Key points: waveparticle duality; interference; temperature; inverse r squared law; luminosity; the electromagnetic spectrum
Most of what we know about astronomy has been learned by studying light, so it is important to understand how it behaves. Light is a form of electromagnetic radiation, vibrating electric and magnetic fields moving through space. The Greek letter lambda () is used for the distance between crests, or the "wavelength".
(From Nick Strobel Go to his site at www.astronomynotes.com for the updated and corrected version.)
Light is also a form of fundamental particle, called a photon. That is,
Light has "waveparticle duality"
1. Diffraction
When light encounters a barrier, such as a slit, its path bends and it can illuminate areas behind the slit that are larger than the width of the slit. Here are water waves at a breakwater; diffraction causes the semicircular pattern behind the breakwater (to left, from http://www.exploratorium.edu/) and diffraction in action to right.(animation by G. Rieke) 
2. Interference
How interference works: the black wave is the sum of the blue and green ones. When the blue one is "in phase" with the green, they interfere constructively and the black one is larger than either. When the blue one is "out of phase", they interfere destructively and cancel each other out; the black wave vanishes. (animation by G. Rieke). 
Rather than drawing the curvy lines for a wave, sometimes we just draw a straight line for the wave crest seen from the top. 
Here is how the interference animation transfers to this version. (by G. Rieke). 
Many experiments show that light interferes with itself, a general property of waves. Here is an example with water waves, created at two spots. The picture shows how they add and subtract to create a complex pattern of ripples.This process is interference. To the right, an animation shows how an interference pattern changes with time. from Tom Holub, http://www.flickr.com/photos/physicsclassroom/galleries/72157625109662093/ and Robert Hauenstein, Oklahoma State http://physics.okstate.edu/hauenst/class/ph2414/suppl/waves2/int.html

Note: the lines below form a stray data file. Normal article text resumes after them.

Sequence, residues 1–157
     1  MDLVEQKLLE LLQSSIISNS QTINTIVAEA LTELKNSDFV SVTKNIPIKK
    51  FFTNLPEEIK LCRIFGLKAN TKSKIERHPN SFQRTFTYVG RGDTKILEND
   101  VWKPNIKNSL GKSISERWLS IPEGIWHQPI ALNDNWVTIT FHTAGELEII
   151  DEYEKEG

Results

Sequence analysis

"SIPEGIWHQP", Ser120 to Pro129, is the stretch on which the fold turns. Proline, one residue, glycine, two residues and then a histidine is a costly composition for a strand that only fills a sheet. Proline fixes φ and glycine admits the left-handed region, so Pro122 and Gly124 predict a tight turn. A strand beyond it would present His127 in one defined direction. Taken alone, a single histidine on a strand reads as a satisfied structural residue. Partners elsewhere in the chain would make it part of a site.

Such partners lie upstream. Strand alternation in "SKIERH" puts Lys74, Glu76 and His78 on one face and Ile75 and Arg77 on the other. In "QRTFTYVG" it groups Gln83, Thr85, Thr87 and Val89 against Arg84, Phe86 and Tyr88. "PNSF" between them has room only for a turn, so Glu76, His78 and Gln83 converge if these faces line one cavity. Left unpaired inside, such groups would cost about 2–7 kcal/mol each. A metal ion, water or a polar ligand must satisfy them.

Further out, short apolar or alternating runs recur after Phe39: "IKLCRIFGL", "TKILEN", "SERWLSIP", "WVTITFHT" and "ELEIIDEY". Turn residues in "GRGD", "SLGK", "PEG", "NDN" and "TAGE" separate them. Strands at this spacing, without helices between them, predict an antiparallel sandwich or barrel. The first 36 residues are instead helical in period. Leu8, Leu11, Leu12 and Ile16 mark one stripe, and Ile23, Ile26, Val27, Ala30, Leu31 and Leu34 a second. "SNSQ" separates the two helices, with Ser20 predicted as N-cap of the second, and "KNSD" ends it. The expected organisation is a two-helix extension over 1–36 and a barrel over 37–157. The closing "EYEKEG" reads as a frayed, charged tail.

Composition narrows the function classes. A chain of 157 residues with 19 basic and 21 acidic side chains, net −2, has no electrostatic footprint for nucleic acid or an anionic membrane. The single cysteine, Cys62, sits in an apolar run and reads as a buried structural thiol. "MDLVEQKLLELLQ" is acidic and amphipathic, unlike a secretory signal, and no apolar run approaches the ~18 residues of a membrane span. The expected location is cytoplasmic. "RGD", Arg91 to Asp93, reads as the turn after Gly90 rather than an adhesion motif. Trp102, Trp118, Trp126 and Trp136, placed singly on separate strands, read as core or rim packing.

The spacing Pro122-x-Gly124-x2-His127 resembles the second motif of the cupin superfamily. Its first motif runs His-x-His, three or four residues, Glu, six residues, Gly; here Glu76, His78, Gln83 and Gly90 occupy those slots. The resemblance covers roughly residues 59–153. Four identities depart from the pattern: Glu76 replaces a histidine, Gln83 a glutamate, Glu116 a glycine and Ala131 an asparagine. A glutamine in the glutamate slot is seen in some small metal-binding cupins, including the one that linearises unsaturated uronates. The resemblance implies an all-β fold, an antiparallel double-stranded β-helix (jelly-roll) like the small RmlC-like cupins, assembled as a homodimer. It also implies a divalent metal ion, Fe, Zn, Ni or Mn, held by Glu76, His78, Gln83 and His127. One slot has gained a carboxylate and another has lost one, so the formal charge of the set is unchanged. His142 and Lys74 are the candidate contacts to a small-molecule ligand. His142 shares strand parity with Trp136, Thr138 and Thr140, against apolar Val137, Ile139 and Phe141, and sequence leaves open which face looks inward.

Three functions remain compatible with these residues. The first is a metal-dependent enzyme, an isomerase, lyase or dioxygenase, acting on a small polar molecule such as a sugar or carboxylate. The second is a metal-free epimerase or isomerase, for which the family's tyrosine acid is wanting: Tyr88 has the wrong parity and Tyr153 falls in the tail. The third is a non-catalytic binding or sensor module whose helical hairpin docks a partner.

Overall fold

We will show the kind of experiment used to see light interference after the discussion of diffraction and particle behavior.
1. Discrete energies
Photons have specific, discrete energies; the shorter their wavelength, the greater the energy (to be discussed below).
2. Isolated arrival times
Here is a movie of a comet, taken with a device that amplifies low
light levels and shows every photon. Note the grainy appearance, due to the detection of
individual photons from the sky. This appearance results directly from the discrete energy
and isolated arrival times of the photons. from Peter McCullough, http://www.astro.uiuc.edu/~pmcc/comet/pinhole.html 
WaveParticle Duality:
If we shine photons one at a time into the box below, we will detect them as discrete particles, each one at a specific position against the back surface. However, if we collect a large number of photons, even one at a time, they will distribute themselves in the "dark" areas and avoid the "light" ones. The "dark" areas are where the positive wavefronts overlap from the two slits letting each photon through. Thus, they result from the combination of diffraction and interference. Perhaps the most curious part is that each photon must pass through both slits! (since we get the pattern even they go through the slits one at a time). This experiment is called "Young's fringes" after the first scientist to do it. Experiment for yourself at http://www.animatedscience.co.uk/blog/wpcontent/uploads/focus_waves/rippletank__ripple.html